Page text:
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The Sun Magazine

The Sun Interview

From Boys To Men

A Conversation With Robert Bly

Bly: I think the greatest mistake in consciousness in this century is the belief that fathers are not important. Both men and women have accepted that. The men have accepted it more grudgingly, but nevertheless they’ve accepted it, so that when a man gets divorced, he may simply say, “Well, I’ll let her raise the children.”

Essays, Memoirs, & True Stories


Gays And The Men’s Movement

During lunch we’re encouraged to sit with our small groups, to allow the kind of emotional check-in that isn’t possible among a hundred men. Today, three days into a week-long gathering, I’m feeling somewhat cranky about the invisibility of gay men at what was billed as the First Multicultural Men’s Conference. The main intention of the conference was to have fifty black men and fifty white men live together in cabins in the West Virginia woods for a week, along with poet Robert Bly, psychologist James Hillman, storyteller Michael Meade, playwright Joseph Walker, poet and essayist Haki Madhubuti, and West African medicine man Malidoma Somé. I was naive enough to believe that “multicultural” meant something more than race, that the conference would be a celebration of sexual diversity as well, so I am annoyed at the elders’ silence on anything having to do with gay men. Today I’ve made it a point to wear my ACT UP T-shirt, which shows two young sailors smooching over the legend “Read My Lips,” if only to identify myself to other gay brothers. (I haven’t spotted any yet.)

The Secret

“From Washington, D.C.? Really?” people say, perking right up when I tell them where I’m from; it seems to start a line of uncontrollable conversation. “My glee club went there my senior year. I just loved the Lincoln Memorial. We went to this great restaurant in Georgetown, an Italian place. You must know it.” You can stop right there. I wouldn’t know it. I haven’t been to Washington in twenty years.


I can’t believe how naive I was when I interviewed Stephen Schwartz last year. I was drawn to his warmth, his humor, the beauty of his language. I was moved by his insights about emotional healing. There’s no ideal state of consciousness, he insisted, other than the one we find ourselves in right now. The body doesn’t need to be transcended. The personality doesn’t need to be fixed. Caring for ourselves begins with paying attention to feelings, not our tangled stories about our feelings.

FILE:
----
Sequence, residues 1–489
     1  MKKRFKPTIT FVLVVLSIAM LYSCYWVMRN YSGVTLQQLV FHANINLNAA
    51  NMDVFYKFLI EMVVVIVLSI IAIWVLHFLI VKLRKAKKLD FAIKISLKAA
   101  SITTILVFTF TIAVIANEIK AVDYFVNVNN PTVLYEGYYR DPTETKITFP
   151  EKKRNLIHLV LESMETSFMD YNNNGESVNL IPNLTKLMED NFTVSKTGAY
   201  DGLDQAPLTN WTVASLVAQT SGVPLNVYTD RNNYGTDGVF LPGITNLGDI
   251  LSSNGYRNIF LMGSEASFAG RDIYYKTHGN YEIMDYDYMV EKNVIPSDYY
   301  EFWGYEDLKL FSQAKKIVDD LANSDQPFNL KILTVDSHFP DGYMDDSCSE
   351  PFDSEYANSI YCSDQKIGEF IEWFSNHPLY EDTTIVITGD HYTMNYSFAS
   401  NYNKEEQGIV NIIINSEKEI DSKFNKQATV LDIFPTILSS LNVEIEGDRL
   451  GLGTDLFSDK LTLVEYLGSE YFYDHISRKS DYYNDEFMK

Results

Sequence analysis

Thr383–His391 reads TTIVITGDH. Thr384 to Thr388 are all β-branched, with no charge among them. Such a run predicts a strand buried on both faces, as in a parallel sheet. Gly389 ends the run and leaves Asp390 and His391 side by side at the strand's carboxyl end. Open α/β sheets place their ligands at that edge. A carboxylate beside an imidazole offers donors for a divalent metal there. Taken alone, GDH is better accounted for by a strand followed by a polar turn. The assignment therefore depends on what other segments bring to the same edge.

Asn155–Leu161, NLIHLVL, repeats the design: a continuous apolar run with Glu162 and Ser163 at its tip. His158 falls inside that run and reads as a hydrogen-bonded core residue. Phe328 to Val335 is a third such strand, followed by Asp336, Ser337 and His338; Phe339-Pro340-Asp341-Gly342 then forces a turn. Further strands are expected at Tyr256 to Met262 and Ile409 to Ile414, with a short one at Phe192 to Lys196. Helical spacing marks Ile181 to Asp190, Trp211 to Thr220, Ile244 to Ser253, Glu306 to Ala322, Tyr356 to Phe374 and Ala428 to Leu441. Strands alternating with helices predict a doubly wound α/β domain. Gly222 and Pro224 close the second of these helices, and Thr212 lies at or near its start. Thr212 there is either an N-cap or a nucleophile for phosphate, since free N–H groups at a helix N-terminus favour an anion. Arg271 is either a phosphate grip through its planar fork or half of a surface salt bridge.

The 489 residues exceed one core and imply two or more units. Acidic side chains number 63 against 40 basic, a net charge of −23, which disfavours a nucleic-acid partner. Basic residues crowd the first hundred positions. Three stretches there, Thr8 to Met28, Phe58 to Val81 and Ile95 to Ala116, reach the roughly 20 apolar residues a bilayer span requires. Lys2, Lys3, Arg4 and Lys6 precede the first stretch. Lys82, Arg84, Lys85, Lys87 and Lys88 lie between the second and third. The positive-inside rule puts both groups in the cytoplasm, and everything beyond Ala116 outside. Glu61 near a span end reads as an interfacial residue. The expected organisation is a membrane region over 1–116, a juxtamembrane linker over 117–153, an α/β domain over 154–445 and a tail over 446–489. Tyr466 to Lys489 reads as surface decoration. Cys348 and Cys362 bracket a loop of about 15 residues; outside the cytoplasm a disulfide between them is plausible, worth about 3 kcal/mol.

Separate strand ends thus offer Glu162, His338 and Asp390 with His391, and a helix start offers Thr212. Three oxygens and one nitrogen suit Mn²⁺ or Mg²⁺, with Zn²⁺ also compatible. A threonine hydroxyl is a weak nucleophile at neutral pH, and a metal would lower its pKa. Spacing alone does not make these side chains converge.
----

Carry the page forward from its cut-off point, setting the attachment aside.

Family Genes

Chloe looked at Big Daddy, huddled and quivering in her grandmother’s lap. Big Daddy, once a plump, nervous, annoying Chihuahua, was now a frail, nervous, annoying Chihuahua. Every so often he would snort and wheeze and gag, like an aging coal miner. Chloe’s Aunt Katie had owned him for fourteen years and they had grown old alike. Both were emaciated, foul-tempered, shriveled, and looked like they smelled a rotting mouse under the floorboards.

Losing A Preposition

In April, Boyd’s sister phoned from Los Angeles, where several years ago she had landed a leading part in a movie that flopped, was resurrected for a brief life on cable, and then disappeared. She kept auditioning for more movie parts but never got one. She made some commercials, played dinner theater, took acting classes, worked as a secretary, married and divorced, and had an abortion. She called Boyd one warm spring evening, saying that maybe she was having another nervous breakdown and that she wanted to come stay with him for a while.


A Death-Defying Act:

The Work Of Jane Orleman

Growing up in the 1950s, Jane Orleman lived in a shadow world, light years from the all-American television homes of “Father Knows Best” and “Make Room For Daddy,” with their charming, benevolent patriarchs.

May 1993
Readers Write

Fathers And Daughters

Daddy was the only piano tuner in the area, and he sometimes took me with him when he tuned pianos at the local churches. I loved exploring the dark, empty buildings with their peculiar smells and sacred objects, but I was never totally alone, hearing my father play a single note over and over in the distance. Some of the churches had lots of pianos. The First Baptist, a grand place, had thirteen.

Personal Stories By Our Readers ▸


When one has not had a good father, one must create one.

Friedrich Nietzsche

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